Award winners of Small Business Champions Initiative announced

26 September 2022
ITC News

The World Trade Organization’s Informal Working Group on Micro, Small and Medium-sized Enterprises (MSMEs), the International Trade Centre (ITC) and the International Chamber of Commerce (ICC) are proud to present the two award winners and two runner ups of this year’s Small Business Champions competition:


  • Association Professionnelle Accompagnements Valeurs Expertises Conseils, Benin
  • Tanzania Chamber of Commerce, Industry and Agriculture

Runner ups:

  • Inclusive Trade Ltd, United Kingdom
  • Sidley Austin Emerging Enterprise Pro Bono Program, Global

At the award ceremony on 26 September, H.E. Ambassador José-Luis Cancela, Coordinator of the Informal Working Group on MSMEs, together with ITC Deputy Executive Director Dorothy Tembo and ICC Representative Director Crispin Conroy, presented the awards virtually to the four finalists.

The innovative projects brought forth by the winners will not only raise awareness of the difficulties small businesses are facing when trading in the context of climate change but will also promote best practices in transitioning to sustainable and green trade.

The winners will have the opportunity to pitch their projects, either virtually or physically, to potential investors within the Geneva-based Building Bridges event on 5 October. The event brings together international players who share an inclusive and systemic vision of a sustainable society that equally addresses social, economic and environmental issues.

The competition

The 2022 competition focused on the transition of small businesses to a sustainable economy – to help them grow, trade and become resilient.

As the urgency for action to address climate change increases, innovation by businesses of all sizes will be critical to achieve sustainability targets. Domestic and international supply chains represent an estimated 90% of corporate emissions according to WEF, and small businesses play an integral part.

Industry associations, chambers of commerce, business support and non-governmental organizations, as well as small businesses themselves were called upon this summer to present ideas that help small, exporting businesses in going ‘green’. The jury received over 80 applications.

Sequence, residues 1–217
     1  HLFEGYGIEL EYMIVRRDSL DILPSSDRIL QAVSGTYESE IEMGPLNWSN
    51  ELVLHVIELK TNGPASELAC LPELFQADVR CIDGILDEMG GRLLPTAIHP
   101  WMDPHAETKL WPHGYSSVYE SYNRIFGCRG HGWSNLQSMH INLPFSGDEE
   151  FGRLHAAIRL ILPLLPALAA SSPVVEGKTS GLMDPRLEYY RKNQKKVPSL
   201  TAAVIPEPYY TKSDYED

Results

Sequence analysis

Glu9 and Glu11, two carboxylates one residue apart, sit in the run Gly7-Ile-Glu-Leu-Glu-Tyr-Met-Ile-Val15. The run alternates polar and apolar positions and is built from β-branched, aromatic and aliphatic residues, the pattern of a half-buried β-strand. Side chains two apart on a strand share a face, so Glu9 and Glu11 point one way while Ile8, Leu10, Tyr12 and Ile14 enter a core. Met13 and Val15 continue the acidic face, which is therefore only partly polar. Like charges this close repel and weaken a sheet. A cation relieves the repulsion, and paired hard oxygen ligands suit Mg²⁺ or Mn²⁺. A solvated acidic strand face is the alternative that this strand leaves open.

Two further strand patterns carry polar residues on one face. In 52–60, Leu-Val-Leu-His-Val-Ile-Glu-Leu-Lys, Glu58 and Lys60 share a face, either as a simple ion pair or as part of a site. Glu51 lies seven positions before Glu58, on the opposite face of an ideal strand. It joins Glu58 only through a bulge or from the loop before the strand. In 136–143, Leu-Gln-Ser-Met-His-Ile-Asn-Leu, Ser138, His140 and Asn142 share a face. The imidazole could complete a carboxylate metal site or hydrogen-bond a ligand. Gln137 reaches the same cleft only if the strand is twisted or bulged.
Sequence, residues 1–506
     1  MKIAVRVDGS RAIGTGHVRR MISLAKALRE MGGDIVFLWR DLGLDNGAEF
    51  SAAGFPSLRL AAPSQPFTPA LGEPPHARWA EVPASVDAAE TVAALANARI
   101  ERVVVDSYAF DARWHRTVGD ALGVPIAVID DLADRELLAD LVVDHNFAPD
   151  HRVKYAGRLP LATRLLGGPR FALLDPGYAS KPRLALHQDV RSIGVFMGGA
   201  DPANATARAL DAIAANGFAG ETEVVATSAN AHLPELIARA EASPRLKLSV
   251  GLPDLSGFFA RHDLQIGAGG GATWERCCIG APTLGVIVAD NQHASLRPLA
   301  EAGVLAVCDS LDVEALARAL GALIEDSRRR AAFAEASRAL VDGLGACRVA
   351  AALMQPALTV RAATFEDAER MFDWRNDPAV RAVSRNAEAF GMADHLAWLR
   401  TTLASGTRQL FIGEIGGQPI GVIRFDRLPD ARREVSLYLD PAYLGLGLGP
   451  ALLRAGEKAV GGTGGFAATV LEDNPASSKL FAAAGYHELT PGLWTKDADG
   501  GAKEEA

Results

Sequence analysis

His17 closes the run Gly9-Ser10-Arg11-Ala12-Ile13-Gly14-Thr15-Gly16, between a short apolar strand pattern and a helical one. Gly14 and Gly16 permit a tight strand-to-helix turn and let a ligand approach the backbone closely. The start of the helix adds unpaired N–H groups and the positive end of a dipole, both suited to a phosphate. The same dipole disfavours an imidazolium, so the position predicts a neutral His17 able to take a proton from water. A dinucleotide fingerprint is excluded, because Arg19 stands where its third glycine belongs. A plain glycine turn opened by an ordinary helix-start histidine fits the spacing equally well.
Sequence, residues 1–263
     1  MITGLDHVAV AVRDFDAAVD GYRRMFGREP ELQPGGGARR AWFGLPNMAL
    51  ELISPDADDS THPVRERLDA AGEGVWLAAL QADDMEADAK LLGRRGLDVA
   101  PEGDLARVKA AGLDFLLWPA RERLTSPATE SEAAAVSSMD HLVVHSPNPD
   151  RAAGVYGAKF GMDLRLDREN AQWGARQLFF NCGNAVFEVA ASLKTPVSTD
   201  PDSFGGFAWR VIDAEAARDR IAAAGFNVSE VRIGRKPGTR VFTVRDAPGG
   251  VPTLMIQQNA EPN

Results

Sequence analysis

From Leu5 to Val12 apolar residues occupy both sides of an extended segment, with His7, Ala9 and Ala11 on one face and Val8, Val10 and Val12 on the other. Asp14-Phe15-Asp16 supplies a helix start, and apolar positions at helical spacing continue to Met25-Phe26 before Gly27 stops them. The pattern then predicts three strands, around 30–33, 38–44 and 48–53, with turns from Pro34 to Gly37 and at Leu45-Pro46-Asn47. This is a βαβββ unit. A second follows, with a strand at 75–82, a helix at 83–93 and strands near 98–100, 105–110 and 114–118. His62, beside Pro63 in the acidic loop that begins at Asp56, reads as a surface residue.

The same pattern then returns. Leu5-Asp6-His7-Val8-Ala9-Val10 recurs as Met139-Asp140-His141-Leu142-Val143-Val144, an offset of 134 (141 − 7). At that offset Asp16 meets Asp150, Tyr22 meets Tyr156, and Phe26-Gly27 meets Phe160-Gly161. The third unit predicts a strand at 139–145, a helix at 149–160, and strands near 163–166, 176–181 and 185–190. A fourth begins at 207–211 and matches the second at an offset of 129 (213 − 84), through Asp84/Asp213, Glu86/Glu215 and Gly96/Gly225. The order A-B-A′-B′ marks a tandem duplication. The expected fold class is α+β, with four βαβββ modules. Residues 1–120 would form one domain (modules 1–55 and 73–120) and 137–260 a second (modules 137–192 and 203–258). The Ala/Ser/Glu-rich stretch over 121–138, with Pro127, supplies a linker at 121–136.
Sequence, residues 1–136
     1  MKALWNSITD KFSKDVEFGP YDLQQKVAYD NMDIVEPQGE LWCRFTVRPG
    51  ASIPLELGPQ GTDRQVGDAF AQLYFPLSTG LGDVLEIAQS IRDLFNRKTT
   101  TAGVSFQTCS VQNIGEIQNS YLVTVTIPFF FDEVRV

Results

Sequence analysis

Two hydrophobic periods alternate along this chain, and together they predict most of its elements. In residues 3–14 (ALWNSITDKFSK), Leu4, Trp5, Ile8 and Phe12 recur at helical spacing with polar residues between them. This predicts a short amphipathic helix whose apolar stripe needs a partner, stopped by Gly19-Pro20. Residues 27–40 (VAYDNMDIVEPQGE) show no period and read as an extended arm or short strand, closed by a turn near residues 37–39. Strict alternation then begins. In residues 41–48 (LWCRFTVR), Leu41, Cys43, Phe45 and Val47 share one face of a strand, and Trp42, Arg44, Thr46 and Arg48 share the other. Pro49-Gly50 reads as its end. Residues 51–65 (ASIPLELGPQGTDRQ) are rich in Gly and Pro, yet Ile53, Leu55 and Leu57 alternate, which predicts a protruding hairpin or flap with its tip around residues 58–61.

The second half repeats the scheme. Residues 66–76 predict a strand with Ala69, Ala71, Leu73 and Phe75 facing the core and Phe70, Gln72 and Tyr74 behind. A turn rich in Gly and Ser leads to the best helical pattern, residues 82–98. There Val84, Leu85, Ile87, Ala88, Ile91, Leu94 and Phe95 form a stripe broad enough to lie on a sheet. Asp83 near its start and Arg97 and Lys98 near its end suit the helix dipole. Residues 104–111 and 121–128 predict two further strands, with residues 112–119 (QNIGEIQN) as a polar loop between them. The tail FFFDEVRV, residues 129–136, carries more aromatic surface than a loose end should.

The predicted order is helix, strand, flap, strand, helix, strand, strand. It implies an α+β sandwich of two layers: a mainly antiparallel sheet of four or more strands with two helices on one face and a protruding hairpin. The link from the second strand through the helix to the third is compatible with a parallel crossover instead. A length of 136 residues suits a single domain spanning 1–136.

On the winners

  1. Association Professionnelle Accompagnements Valeurs Expertises Conseils, Benin

Project: Carbon impact reduction strategy and energy optimization of micro, small and medium-sized enterprises in Benin

The project supports small businesses working in the manufacturing industry, a rapidly growing sector in Benin. Six hundred industrial processing units, especially representing the small food industries, will be trained and equipped in lowering their CO2 emissions.

  1. Tanzania Chamber of Commerce, Industry and Agriculture

Project: Tanzania Go Green Project

The Chamber’s goal is to enhance green production for economic development and environmental sustainability. It will highlight best practices that are helping small businesses decarbonize their production and become more sustainable. The Chamber is planning to conduct a three-day capacity-building workshop in eight regions of Tanzania Mainland and Zanzibar, and thereafter conduct a green production summit with over 200 small businesses, cooperates, NGOs and international organizations.

  1. Inclusive Trade Ltd, United Kingdom

Project: Global micro, small and medium-sized enterprises verified for impact

With small businesses lacking access to sustainability and impact verification tools, the project will provide them with a self-assessment verification tool kit (linked to the UN SDGs) and train them to measure and report on their sustainability. This will enable them to start their trajectory to becoming the 'green' companies of the future and participate in global value chains.

  1. Sidley Austin Emerging Enterprise Pro Bono Program, Global

Project:  Key Legal Issues for Advancing Sustainable Business Practices

As small-scale entrepreneurs transition to green business models, they often find it difficult to keep up with the rapidly changing green regulatory environment. Our pro bono project aims to bridge that gap, by delivering training on key legal issues like the circular economy, carbon credit markets and finance, and climate risk insurance for small businesses operating in developing countries.